In contrast, the temporal reshaping on SOA gain effectively causes the pulse-amplitude equalization to suppress the residual modulation on the envelope of pulse-train. When a purely 4th-order RHML is achieved under pulse-amplitude equalization, not only the lower order RHML frequencies entirely diminish but also the signal-to-noise suppression ratio greatly enhances from 19 to 45 dB, as shown in Fig. 11
Fig. 11 RF spectrum for 40-GHz RHML pulse with pulse-amplitude equalization (RBW = 10kHz).
. The uneven pulse-amplitude observed in time domain is referred to the competition of RHML at different orders, which generates multi-frequency components corresponding to the RHML orders in frequency domain, thus leading to the fluctuated amplitude envelope of RHML pulse-train. The quality of pulse-amplitude equalization can be evaluated either by determining the spectral intensity ratio of the high/low RHML order components from the microwave spectrum in frequency domain, or by measuring the clock amplitude jitter (CAJ) between adjacent pulse peaks from the sampling RHML pulse train in time domain. In contrast to the microwave spectral analysis, the CAJ method monitors the degree of the peak-to-peak amplitude fluctuation caused by RHML by defining the CAJ = (σ/M) × 100% as a ratio of the standard deviation (σ) to the mean value (M) of the intensity histogram at each peak of the RHML pulse-train [7

7. C. G. Lee, Y. J. Kim, H. K. Choi, and C. S. Park, “Pulse-amplitude equalization in a rational harmonic mode-locked semiconductor ring laser using optical feedback,” Opt. Commun. 209(4-6), 417–425 (2002). [CrossRef]

,12

12. W. W. Tang and C. Shu, “Optical Generation of Amplitude-Equalized Pulses From a Rational Harmonic Mode-Locked Fiber Laser Incorporating an SOA Loop Modulator,” IEEE Photon. Technol. Lett. 15(1), 21–23 (2003). [CrossRef]

].

Without peak-amplitude equalization, the CAJ value is enlarged from 11.7% to 45% as the repetition rate increases from 20 to 40 GHz, since lower RHML component usually associates with the pulse-train when increasing RHML order. With pulse-amplitude equalization, the CAJ greatly decreases to 1.54% and 3.5% for the SOAFL operated at second and fourth RHML orders. Such a CAJ has already below the criterion of 10% set for obtaining less fluctuated pulse-train, as shown in Fig. 12
Fig. 12 Clock amplitude jitter vs. RHML order without (black) and with (blue) pulse-amplitude equalization.
. Beyond 4th-order RHML operation, the continuous-wave lasing mechanism turns to dominate and the RHML mechanism is relatively hard to survive under competition. Not only the on/off extinction ratio of the high-order RHML pulse is greatly attenuated, but also the RHML pulse-train will exceed a huge amplitude-fluctuation with CAJ exceeding 60%. With the analysis via an auto-correlator (FR-103XL), the Fig. 13
Fig. 13 RHML-SOAFL pulse width as a function of the inverse square root of repetition rate.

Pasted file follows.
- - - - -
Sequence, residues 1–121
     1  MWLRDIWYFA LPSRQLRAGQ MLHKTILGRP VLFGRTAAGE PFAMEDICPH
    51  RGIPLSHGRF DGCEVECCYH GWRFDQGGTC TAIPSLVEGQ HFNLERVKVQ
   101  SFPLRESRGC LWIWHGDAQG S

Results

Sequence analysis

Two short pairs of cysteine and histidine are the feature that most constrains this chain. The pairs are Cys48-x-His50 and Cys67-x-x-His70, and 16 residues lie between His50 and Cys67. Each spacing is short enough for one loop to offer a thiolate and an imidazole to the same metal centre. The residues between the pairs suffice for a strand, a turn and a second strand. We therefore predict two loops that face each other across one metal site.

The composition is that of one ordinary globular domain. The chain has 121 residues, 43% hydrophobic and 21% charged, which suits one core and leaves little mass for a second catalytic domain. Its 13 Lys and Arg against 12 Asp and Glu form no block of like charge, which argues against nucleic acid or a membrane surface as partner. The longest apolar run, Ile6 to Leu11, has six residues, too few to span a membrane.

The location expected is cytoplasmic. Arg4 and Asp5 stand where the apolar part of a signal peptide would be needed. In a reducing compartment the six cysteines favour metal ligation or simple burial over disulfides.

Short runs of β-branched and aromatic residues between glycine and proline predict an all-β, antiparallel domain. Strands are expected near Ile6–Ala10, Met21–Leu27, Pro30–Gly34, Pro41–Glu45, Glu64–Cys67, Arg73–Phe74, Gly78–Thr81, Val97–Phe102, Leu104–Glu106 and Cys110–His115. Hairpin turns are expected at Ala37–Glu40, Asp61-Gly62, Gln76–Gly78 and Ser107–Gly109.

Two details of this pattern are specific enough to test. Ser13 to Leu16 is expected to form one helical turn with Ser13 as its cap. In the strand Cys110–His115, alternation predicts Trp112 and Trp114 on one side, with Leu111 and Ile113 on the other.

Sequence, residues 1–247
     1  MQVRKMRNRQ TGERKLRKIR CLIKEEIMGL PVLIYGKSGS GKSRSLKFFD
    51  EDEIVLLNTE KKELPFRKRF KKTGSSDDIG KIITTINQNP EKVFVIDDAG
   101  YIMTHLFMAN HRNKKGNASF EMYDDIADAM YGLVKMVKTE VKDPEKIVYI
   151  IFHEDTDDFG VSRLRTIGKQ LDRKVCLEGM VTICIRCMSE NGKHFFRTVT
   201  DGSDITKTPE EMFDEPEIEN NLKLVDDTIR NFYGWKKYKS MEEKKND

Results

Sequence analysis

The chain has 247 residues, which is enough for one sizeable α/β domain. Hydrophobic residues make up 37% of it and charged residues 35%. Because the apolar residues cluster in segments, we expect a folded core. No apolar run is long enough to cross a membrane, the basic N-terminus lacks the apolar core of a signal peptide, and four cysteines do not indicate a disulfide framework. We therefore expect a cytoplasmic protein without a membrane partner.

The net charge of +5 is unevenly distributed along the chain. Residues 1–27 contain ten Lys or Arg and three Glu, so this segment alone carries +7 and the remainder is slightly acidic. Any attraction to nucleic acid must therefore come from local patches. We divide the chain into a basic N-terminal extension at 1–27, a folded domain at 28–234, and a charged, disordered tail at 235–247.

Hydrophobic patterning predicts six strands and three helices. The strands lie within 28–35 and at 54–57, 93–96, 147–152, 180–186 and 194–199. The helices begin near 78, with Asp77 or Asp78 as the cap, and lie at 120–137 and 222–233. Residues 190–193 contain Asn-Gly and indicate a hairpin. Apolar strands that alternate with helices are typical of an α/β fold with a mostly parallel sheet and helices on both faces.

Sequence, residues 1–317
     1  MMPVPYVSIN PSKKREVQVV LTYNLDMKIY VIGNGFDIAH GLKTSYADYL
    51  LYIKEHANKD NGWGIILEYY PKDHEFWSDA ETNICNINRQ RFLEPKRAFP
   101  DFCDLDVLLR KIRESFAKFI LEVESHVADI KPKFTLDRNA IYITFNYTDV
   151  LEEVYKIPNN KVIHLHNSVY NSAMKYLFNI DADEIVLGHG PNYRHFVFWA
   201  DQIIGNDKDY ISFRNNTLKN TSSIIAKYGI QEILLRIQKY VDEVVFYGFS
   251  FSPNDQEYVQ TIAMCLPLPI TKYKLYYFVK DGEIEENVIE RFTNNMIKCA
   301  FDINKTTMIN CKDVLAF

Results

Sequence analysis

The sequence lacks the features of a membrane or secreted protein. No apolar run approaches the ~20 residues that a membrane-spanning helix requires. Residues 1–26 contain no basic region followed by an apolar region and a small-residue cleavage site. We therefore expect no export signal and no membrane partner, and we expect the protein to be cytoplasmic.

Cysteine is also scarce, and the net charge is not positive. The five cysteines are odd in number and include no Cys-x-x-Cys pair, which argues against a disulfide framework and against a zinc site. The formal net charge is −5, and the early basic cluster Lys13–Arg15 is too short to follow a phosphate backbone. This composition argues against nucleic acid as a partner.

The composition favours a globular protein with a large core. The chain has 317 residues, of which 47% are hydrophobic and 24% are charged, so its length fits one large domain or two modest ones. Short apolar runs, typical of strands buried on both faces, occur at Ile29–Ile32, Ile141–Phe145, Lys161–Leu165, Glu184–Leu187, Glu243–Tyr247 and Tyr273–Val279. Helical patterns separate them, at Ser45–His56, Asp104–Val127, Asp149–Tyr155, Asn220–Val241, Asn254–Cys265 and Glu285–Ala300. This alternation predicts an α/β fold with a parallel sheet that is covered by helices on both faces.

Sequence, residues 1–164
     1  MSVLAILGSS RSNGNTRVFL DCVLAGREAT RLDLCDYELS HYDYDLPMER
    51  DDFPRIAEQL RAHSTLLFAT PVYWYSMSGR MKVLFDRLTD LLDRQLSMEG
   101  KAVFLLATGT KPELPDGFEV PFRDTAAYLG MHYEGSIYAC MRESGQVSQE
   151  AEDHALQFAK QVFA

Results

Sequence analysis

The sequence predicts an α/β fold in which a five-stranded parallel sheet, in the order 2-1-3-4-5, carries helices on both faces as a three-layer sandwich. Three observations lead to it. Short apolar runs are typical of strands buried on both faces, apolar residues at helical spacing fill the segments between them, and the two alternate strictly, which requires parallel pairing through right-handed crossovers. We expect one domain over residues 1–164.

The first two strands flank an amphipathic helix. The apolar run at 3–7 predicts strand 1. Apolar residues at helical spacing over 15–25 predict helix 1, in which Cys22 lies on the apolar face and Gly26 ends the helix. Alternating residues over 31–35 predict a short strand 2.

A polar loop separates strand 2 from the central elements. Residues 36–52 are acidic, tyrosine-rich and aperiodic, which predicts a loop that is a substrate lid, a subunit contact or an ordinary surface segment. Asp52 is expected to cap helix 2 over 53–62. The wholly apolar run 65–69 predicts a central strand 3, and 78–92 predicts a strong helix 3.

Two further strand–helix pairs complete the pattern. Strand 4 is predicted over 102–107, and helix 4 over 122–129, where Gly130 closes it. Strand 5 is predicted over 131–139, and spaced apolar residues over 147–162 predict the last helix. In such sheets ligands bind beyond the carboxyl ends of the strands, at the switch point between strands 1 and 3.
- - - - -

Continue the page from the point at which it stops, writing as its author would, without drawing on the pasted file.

shows the reduction of the RHML pulse width from 19.5 to 8 ps achieved by increasing the RHML frequency from 10 to 40 GHz, and a linear relationship between RHML pulse width and the inverse square of repletion rate is confirmed to follow a numerical model with recursive equation in frequency domain given as [13

13. P. Das, W. Kaechele, J. P. Theimer, and A. R. Pirich, “Rational harmonic mode locking fiber laser,” Proc. SPIE 3075, 21–32 (1997). [CrossRef]

]
aq(k+1)=aq(k)+g[1(2πqfm)2Ωg2]aq(k)laq(k)+σ2[a(k)q+12a(k)q+a(k)q1],
(4)
where the aq (k) is defined as the amplitude of the qth cavity mode at the kth circulation inside ring cavity, and the g, Ωg, l, σ is the gain constant, gain bandwidth, loss constant, and the modulation depth, respectively. If the spectrum is sufficiently broadened and the oscillating mode number is large, the Gaussian pulse function a(t) can satisfy the solution of Eq. (4) in time domain, while the pulse width is decreased with increasing modulation depth, decreasing gain, and enlarging modulation frequency. The a(t) is expressed by a(t) = A(20.5π/τ)exp(-t2/2τ 2) with t = (2g/σ)1/4/[2πfmΩg]0.5.

Nonetheless, the numerical model needs to be slightly modified for evaluating the p-order RHML case since the external modulation frequency is detuned to fm = (n + 1/p)f0, and the (n + 1/p) is not integer to result in the completely coupled longitudinal modes of the fiber ring length set for HML condition. We need to consider the equivalent cavity length as pL, such that the RHML longitudinal modes are able to couple in the HML fiber ring. In RHML case, each pulse in the p-order RHML pulse-train must propagate p times before obtaining sufficient gain, and there are (np + 1) pulse travels around the fiber ring with cavity length of pL. Therefore, the function still meets the p-order RHML condition, and the pulse width is proportional to fm −1/2 when the SOA gain and modulation depth is fixed. Furthermore, the single-sideband (SSB) phase noise and the corresponding timing jitter are demonstrated to characterize the stability of such a RHML-SOAFL output in both frequency and time domain. The phase noise components disperse the power of a frequency carrier, resulting in an amplitude perturbation in sideband of the 40-GHz frequency carrier.